Jump scares, cult initiations and terrified students were all part of Bowles Hall’s annual student-run haunted house held Friday night.
Since its reopening four years ago, the residential college’s haunted house has garnered much popularity among the campus community. According to Bowles Hall social chair and campus sophomore David Cook, about 2,900 people were in attendance last year.
“Since the new Bowles took off, we’ve actually had a much higher volume of people that come than we expected at the beginning,” Cook said. “That number has been growing every year.”
Preparation for the event began at the start of this semester, according to Cook. More than 100 people, including Bowles Hall residents and alumni, participated in staging the event.
The haunted house was set up with particular attention to detail, including blood-stained walls, elaborate costumes and makeup and lighting effects.
Campus junior Anna Litskevitch, who attended the haunted house, added that it was well set up and evidently took a lot of time to prepare.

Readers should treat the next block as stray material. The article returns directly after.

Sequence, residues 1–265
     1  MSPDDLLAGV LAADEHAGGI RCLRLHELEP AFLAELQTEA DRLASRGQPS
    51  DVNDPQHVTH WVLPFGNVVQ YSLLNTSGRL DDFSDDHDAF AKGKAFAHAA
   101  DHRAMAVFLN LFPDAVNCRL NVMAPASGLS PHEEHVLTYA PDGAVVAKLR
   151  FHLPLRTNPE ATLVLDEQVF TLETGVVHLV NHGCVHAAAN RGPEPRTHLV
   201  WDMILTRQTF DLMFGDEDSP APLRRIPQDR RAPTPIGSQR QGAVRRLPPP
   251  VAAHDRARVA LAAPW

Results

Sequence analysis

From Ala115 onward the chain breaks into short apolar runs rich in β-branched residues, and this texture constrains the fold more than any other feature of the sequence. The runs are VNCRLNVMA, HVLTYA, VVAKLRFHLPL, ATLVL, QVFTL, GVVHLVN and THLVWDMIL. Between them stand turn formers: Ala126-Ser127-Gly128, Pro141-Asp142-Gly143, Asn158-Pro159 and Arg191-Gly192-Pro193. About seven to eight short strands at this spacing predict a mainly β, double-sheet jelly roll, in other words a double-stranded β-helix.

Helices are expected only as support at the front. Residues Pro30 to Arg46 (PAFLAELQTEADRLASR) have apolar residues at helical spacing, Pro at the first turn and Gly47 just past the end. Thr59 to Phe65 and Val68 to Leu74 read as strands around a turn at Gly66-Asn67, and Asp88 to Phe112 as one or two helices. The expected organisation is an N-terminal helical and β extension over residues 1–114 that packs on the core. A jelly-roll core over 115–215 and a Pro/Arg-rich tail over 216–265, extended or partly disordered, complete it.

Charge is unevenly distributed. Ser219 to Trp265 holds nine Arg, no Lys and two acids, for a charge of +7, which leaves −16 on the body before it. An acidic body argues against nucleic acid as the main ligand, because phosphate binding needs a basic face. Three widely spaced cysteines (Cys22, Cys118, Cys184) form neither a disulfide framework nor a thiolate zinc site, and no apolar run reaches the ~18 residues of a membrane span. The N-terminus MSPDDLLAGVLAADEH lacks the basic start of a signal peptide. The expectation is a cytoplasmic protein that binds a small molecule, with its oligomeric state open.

This year’s theme, “Survive the Cult,” was a play on a common stereotype, according to Cook.
“This year, we just wanted to make fun of ourselves for being a cult and just show the community that we have a good sense of humor,” Cook said.
To be “more philanthropic,” Katie Willett, Bowles Hall president, said the Bowles Hall community chose to partner with the Women’s Daytime Drop-in Center, a Berkeley-based organization that provides assistance to women experiencing housing difficulties or domestic violence.
Willett attributed the increasing popularity of the event to a desire to learn more about Bowles Hall.
“I think people are genuinely curious to see what is Bowles,” Willett explained. “People kind of hear about it here and there, and not too many people actually know about it.”